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Programmed Cell Death after Intracerebral Hemorrhage

[ Vol. 16 , Issue. 9 ]

Author(s):

Tobias Bobinger, Petra Burkardt, Hagen B. Huttner and Anatol Manaenko*   Pages 1267 - 1281 ( 15 )

Abstract:


Background: Intracerebral hemorrhage (ICH) accounts for up to 15% of all strokes and is characterized by high rates of mortality and morbidity. The post-ICH brain injury can be distinguished in 1) primary, which are caused by disruption and mechanical deformation of brain tissue due to hematoma growth and 2) secondary, which are induced by microglia activation, mitochondrial dysfunction, neurotransmitter and inflammatory mediator release. Although these events typically lead to necrosis, the occurrence of programmed cell death has also been reported after ICH.

Methods: We reviewed recent publications describing advance in pre- and clinic ICH research.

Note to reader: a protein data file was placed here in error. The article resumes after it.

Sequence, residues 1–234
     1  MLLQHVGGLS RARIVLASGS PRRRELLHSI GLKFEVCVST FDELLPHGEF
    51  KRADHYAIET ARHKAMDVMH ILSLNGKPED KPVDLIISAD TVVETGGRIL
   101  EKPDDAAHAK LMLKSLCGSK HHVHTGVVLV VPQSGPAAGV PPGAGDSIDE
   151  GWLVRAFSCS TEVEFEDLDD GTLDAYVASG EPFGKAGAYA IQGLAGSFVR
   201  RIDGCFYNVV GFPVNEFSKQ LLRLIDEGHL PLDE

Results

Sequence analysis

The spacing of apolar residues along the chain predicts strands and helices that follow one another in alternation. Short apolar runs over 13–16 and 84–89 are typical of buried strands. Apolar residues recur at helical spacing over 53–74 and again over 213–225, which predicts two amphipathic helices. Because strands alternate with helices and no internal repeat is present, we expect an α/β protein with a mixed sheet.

Results: At present, treatment of ICH patients is based on oral anticoagulant reversal, management of blood pressure and other medical complications. Several pre-clinical studies showed promising results and demonstrated that anti-oxidative and anti-inflammatory treatments reduced neuronal cell death, however, to date, all of these attempts have failed in randomized controlled clinical trials. Yet, the time frame of administration may be crucial in translation from animal to clinical studies. Furthermore, the latest pre-clinical research points toward the existence of other, apoptosisunrelated forms kinds of programmed cell death.

Conclusion: Our review summarizes current knowledge of pathways leading to programmed cell death after ICH in addition to data from clinical trials. Some of the pre-clinical results have not yet demonstrated clinical confirmation, however they significantly contribute to our understanding of post-ICH pathology and can contribute to development of new therapeutic approaches, decreasing mortality and improving ICH patients’ quality of life.

Keywords:

Cell death, intracerebral hemorrhage, apoptosis, necrosis, pyroptosis, ICH.

Affiliation:

Department of Neurology, University of Erlangen-Nuremberg, Schwabachanlage 6, Erlangen 91054, Department of Neurology, University of Erlangen-Nuremberg, Schwabachanlage 6, Erlangen 91054, Department of Neurology, University of Erlangen-Nuremberg, Schwabachanlage 6, Erlangen 91054, Department of Neurology, University of Erlangen-Nuremberg, Schwabachanlage 6, Erlangen 91054

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